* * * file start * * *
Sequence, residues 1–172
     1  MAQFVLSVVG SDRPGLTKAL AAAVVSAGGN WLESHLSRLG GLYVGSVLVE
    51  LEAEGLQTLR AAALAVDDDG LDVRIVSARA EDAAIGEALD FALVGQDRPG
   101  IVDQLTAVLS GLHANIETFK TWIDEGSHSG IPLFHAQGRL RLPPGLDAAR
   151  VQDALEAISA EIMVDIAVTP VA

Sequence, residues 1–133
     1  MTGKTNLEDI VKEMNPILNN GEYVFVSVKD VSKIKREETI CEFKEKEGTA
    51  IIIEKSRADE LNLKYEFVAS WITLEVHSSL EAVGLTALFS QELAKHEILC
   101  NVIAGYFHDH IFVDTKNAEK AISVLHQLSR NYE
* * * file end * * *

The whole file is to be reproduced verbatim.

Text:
Sequence, residues 1–172
     1  MAQFVLSVVG SDRPGLTKAL AAAVVSAGGN WLESHLSRLG GLYVGSVLVE
    51  LEAEGLQTLR AAALAVDDDG LDVRIVSARA EDAAIGEALD FALVGQDRPG
   101  IVDQLTAVLS GLHANIETFK TWIDEGSHSG IPLFHAQGRL RLPPGLDAAR
   151  VQDALEAISA EIMVDIAVTP VA

Sequence, residues 1–133
     1  MTGKTNLEDI VKEMNPILNN GEYVFVSVKD VSKIKREETI CEFKEKEGTA
    51  IIIEKSRADE LNLKYEFVAS WITLEVHSSL EAVGLTALFS QELAKHEILC
   101  NVIAGYFHDH IFVDTKNAEK AISVLHQLSR NYE